It’s a weird slate. We have Clayton Kershaw topping out at $14,000 on DraftKings, but he is in the one matchup that I don’t typically like – a lefty against the White Sox. Granted, this is Clayton Kershaw, but I still don’t think I want to pay $14,000 here. Then again, there’s nothing else jumping out as safe or that I feel too great about.
Another one of my rules, play Robbie Ray every time on the road, isn’t a sure thing here either, as he is playing in the small park at Cincinnati. There’s nothing easy on this slate. Just pick your poison. I’ll give you some idea of where I’m going below.
Pitchers to Target
I can’t promise I won’t roster either of the guys mentioned above, but I’m going to try to find some cheaper pitchers to allow me to pay up for bats. If I’m feeling good about that route late in the afternoon I’ll go with it. If not, I will probably end up with Kershaw or Ray.
Mike Clevinger – Clevinger has been a solid in his last three starts against three good offenses. Now he gets to face the leagues worst offense in terms of wOBA against righties, and in one of the best parks for pitchers. On a slate like this one, I don’t see a way for anyone to talk me off of Clevinger. He will be a staple in my lineups.
Blake Snell? – From this point on, we’ll be reaching. The Oakland A’s strike out over 26% of the time against left-handed pitching, so we’re hoping he finds the upside in this matchup. Another plus is that the A’s are currently one of the six teams on the slate with a team total below 4.5 runs.
Rafael Montero – Montero has averaged over a strikeout per inning this season, but he has struggled with walks, allowing 24 free passes in 39 innings. Things seems to be headed in the right direction, giving up just 7 walks in his past 19.1 innings. He’s been very unlucky this season with a BABIP of .385 against lefties and .424 against righties. Montero is due for some positive regression. He’s the kind of guy who can throw 6-7 innings and end up with eight strikeouts and only a couple runs against. If he comes anywhere close to that at $6,000, I’ll more than be happy with it.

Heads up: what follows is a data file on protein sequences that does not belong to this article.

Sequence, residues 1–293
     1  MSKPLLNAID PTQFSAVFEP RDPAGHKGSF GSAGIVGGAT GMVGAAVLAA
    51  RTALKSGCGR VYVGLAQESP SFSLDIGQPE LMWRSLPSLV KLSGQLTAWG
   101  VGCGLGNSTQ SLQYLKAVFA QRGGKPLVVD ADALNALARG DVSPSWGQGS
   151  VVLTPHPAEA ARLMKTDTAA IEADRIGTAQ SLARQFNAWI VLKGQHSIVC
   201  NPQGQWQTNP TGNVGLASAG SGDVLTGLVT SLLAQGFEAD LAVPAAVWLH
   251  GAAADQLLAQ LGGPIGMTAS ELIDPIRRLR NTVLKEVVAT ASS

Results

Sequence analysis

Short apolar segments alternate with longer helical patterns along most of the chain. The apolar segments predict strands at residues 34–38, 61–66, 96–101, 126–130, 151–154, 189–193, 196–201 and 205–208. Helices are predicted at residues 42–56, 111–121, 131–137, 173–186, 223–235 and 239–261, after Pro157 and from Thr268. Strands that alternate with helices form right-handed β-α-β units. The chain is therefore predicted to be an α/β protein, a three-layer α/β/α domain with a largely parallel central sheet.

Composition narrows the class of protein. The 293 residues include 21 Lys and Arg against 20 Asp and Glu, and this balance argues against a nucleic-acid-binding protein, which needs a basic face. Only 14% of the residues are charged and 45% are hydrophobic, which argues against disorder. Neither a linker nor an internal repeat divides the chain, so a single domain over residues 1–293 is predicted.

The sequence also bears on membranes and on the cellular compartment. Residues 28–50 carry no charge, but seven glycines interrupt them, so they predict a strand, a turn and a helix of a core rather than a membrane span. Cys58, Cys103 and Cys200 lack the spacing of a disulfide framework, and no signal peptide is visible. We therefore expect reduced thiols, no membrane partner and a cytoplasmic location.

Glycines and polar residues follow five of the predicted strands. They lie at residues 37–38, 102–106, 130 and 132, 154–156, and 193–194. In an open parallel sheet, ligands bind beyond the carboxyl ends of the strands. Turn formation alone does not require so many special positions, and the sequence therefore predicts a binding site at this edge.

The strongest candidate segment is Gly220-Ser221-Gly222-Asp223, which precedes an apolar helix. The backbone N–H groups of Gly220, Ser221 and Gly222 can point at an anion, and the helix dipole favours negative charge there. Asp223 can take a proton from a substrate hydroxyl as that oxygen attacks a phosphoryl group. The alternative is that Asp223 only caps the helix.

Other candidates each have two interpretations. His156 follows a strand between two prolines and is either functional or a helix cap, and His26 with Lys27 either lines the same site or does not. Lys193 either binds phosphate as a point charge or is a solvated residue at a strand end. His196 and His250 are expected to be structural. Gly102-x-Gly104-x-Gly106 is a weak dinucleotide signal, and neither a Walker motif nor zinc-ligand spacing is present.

Batters to Target
Miguel Cabrera – The guy continues to get no respect. He remains just $3,700 on DraftKings and has an excellent matchup, albeit in a less than ideal ballpark. The opposing starting pitcher, Travis Wood, has allowed a .370 wOBA against righties this season and a .326 batting average. He has struck out just 16% of said handed batters and walked 12.3%. Cabrera is sporting a .339 batting average against lefties. On top of all that, he is in the top five on the slate in both exit velocity and hard hit percentage over the past 15 days. This feels like a spot where we get multiple base hits with the upside for a lot more.
Jay Bruce – Bruce is making a run back up the recent batted ball stats leaderboard. He is second on the entire slate in batted ball distance over the past 15 days. We rode him early in the season when he was hot, and I’m going to jump back on now. He’ll face off against Michael Wacha, who has been the complete opposite at home than on the road. On the road he has allowed over a .400 wOBA to opposing batters (.408 to lefties). Bruce is fairly priced and in a great spot here.
Justin Turner – Turner has flown under the radar after getting a late start to the season. In case you haven’t noticed, he’s sitting at a .382 batting average through 69 games played. He’ll face Miguel Gonzalez Tuesday, who has allowed a .351 wOBA to righties to go along with a 10.9% K rate and 42% fly ball rate. Turner has done a lot more damage against lefties, but this is a gut play for me. I think he could get a hold of one here, and even if he doesn’t, you’re still looking at a reasonable outcome of something like 2-for-5.
Stacks to Target
New York Yankees – I’ve been stacking anyone and everyone against Bartolo Colon all season, and just when I thought we couldn’t do that any longer, the Twins sign him and will throw him to the wolves Tuesday against the Yankees. Play all the usual suspects here. Colon has allowed a .423 wOBA to righties and .371 to lefties. I don’t see me having too many lineups tomorrow without a full Yankees stack.
Tampa Bay Rays (lefties) – I always enjoy stacking the Tampa lefties in tourneys against right-handed pitching. Although it’s a very limited sample size (11 batters), Chris Smith showed some weakness against lefties this season, allowing four hits, two runs, a home run and only striking out one batter. This could be an under the radar spot to use these high upside bats at the top of the lineup.
Any questions? Hit me up on Twitter @mrclutchdfs
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